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Monday, May 02, 2005

a formal feeling comes--

I bought beer and cigarettes from this woman for years on end. when they tell you that Brazilian women have ***, believe it. I wish you could have met her.
7-Eleven clerk revered in life, death

"Customers often gave Onelia Budge a ride to work. Now, a month after her death, a store tribute remains in her honor."

When customers spotted 7-Eleven clerk Onelia Budge walking to work from her nearby apartment, they regularly offered her a ride. In the month since her death, many have stopped to sign a memorial at the store where she worked.

Mrs. Budge's husband, Jasper, is surprised that the tribute, initially set up by employees and refreshed by his daughter and a friend, has not been taken down.

"I thought it would be all gone by now," he said.

But he couldn't know. Budge, 73, said it has been too painful for him to visit the store across from the Albertsons supermarket on 31st Street S.

"I miss her," he said.

She was well-liked, Budge said. Ken Venzera, manager of the store at 5451 31st St. S, agreed.

"It's just the way she treated people and talked to people. She was so well-known in the neighborhood. A customer would drive her to work almost every day," Venzera said.

"Once you meet her, you could never forget her."

Mrs. Budge generally worked the 2-to-10 p.m. shift. She was a good employee, the manager said.

"She was 72 years old, and she worked harder than the 22-year-old kids," he said.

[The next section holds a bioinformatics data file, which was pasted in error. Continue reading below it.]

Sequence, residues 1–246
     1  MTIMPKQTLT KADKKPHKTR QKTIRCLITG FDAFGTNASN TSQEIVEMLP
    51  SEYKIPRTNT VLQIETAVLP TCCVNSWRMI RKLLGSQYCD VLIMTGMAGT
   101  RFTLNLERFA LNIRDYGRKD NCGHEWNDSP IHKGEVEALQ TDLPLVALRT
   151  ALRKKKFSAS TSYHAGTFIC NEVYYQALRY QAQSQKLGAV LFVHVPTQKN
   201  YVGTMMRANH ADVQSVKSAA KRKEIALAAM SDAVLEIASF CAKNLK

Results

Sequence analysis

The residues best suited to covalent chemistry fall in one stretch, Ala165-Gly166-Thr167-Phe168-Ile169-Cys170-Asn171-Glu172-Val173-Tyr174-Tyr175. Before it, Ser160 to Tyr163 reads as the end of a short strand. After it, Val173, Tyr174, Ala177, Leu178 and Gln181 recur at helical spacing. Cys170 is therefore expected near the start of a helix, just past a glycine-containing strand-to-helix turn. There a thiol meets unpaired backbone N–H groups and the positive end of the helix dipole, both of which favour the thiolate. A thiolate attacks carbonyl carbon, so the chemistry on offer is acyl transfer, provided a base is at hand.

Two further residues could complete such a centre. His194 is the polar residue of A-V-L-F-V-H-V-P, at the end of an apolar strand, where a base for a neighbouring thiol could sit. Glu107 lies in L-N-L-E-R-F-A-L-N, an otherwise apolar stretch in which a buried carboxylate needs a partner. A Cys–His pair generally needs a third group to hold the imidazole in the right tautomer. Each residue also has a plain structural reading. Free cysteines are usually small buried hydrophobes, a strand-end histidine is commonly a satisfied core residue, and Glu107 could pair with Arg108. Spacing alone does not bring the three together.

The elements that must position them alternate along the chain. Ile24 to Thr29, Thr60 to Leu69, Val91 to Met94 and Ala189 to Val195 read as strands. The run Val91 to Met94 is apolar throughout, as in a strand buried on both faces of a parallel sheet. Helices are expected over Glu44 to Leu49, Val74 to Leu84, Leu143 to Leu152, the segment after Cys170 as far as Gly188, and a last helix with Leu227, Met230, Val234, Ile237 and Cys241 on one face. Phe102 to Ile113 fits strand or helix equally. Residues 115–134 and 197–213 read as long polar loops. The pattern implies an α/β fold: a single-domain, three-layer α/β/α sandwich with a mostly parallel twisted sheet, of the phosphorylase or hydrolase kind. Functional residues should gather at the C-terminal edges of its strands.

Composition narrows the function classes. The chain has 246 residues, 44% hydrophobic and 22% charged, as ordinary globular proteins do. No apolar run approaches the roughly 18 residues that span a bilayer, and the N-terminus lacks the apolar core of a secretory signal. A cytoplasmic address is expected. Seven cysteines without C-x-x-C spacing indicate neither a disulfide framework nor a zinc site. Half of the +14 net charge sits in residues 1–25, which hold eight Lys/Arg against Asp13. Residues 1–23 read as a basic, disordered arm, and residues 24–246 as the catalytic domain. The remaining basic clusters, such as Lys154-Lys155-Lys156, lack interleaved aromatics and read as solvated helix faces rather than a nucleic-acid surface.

"We loved her and miss her so much."

Mrs. Budge came to the United States from Brazil in 1958. She and her husband, whom she met when he was managing a restaurant in Miami, had been married for 37 years. It was her second marriage. She had two sons from her first marriage and a daughter from her second. She died at home from lung cancer on March 22.

"She liked to smoke a cigarette. I figured that she would quit, but she never quit," her husband said.

"I think she knew she was going to die, but she didn't want to die in the hospital. She died at peace. She had no pain."
[Last modified April 27, 2005, 00:48:18].
By WAVENEY ANN MOORE, Times Staff Writer
Published April 27, 2005 ST. PETERSBURG -


Many a time I had a few words with her out side the store while she was on break smoking. She seems to have survived quite a few managers. And I'm glad that the 'shrine' at the store has her sitting at a table smoking like to stab me in the heart. "One ninety two," She drawled in her thick accent. The last thing she said to me was, "thank you dear."

Gonna miss you when I'm gone.

3 comments:

  1. There's a terrible melancholy to this, Bill.

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  2. Harry,You're right,
    I haven deen in that store for quite a while, so i didn;t know that she'd passed. and the 'shrine' is just a paper that all kinds of people have signed. I always guessed that she was european, by her thick accent. I'm afraid that i underestimated the efeect that she had on other people. I thought that she could have been anyone in her youth and I wondered what circumstance might have brought her to St Pete.

    ReplyDelete
  3. She was my mother and came she came here to the US to get married. She was the greatest lady in the world and is missed terribly. I have started a facebook page for her under Onelia Budge. Can you believe this woman had a degree in letters, kinda of like a degree in language. She was brilliant and I'm not being biased she really was.

    ReplyDelete

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